Civil War Thriller

Erik Larson is one of our country’s best writers in any genre and one of the few popular historians I regularly re-read.

Whether writing about a historic hurricane in early 19oo’s Galveston or Nazi Berlin in the 1930s, his books are thrilling, evocative, beautifully written, and totally immersive. His level of detail is never excessive but always well-balanced. Every book is a fantastic voyage and his subjects are chosen, he says, for their suspense and a clear beginning, middle, and end. They’re true page turners and you often feel you’ve been transported into the scenes he is sharing.

Larson’s story of the siege of Fort Sumter and the dithering in Washington D.C. about its fate as secession spread through the South is an amazing tale of courage, cowardice, treachery, stupidity, loyalty, lies and propaganda–in sum, a sadly American story.

Relying on contemporary letters, diaries, government reports, speeches, and newspaper stories and editorials, Larson makes you feel like you are in the midst of the rising turmoil in which both sides seem to overestimate their own chances for success.  You come to know President-elect Lincoln and women like the indefatigable diarist Mary Chestnut in new and illuminating ways.  They’re surrounded by myriad schemers, wastrels, fools, incompetents, liars, traitors and cowards–with rare men or women of sense making an appearance anywhere.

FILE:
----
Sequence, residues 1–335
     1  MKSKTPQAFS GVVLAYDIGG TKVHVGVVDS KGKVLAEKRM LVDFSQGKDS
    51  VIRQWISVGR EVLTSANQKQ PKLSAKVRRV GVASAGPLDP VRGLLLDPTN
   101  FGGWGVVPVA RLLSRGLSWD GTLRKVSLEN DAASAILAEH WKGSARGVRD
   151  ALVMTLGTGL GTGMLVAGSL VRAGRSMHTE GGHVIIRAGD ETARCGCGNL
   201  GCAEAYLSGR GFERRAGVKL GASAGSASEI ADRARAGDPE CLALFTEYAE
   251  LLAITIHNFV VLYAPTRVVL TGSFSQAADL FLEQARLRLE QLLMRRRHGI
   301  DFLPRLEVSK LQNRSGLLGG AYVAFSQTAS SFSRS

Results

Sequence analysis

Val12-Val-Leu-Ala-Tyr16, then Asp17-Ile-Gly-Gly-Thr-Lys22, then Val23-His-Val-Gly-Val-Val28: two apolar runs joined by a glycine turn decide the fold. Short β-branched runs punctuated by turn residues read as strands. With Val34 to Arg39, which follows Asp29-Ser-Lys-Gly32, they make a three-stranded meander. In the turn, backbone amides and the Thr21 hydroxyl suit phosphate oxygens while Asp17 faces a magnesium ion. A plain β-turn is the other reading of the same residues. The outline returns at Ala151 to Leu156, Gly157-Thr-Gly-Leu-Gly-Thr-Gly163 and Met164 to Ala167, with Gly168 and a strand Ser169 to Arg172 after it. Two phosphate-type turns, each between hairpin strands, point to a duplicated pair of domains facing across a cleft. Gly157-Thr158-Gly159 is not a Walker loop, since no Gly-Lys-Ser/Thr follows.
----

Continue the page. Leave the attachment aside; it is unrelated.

And the thread all the way through is the Southern culture of honor and shame. Because so many Northerners believed that slavery was evil and shameful, Southern planters and their kith and kin were humiliated by those feelings, terrified of losing the lifestyle and economy that would collapse without slave labor.  The hysteria in places like Charleston was a heavy miasma, likewise the savage hatred of Yankees.

Larson’s explanation of the weaponry aimed at Fort Sumter and the fortress itself is anything but dry.  You will feel yourself in the thick of the battle. Even more fascinating is his portrait of paranoid, cloistered, provincial South Carolina’s elite who thought of themselves as “the chivalry.”  They believed in fighting duels and quoting poems and novels by Sir Walter Scott as if they were living in another time.  And they were: the rest of the country was expanding railroads and telegraph service while they resisted because such changes could supposedly lead to unrest: slave rebellions.

The book is filled with shocking details like a 9:00 curfew bell ringing in Charleston to make sure that all Black men and women, whether free or slaves, got off the streets and went to their homes wherever they might be. Chivalry, of course, only covered rich white people who lived a life of endless, mindless calling upon another, teas and dinners and horse racing–and politics.  The up side of this was the attack on Fort Sumter which is the main story line: southerners actually at times cheered the bravery of the fort’s commander and his men.

It’s impossible to read this thrilling book that describes such myopic, arrogant, and bigoted participants in the national drama and not think about today’s current cultural and political madness.

Lev Raphael has reviewed books for The Washington Post, The Detroit Free Press and  three different public radio stations in Michigan.

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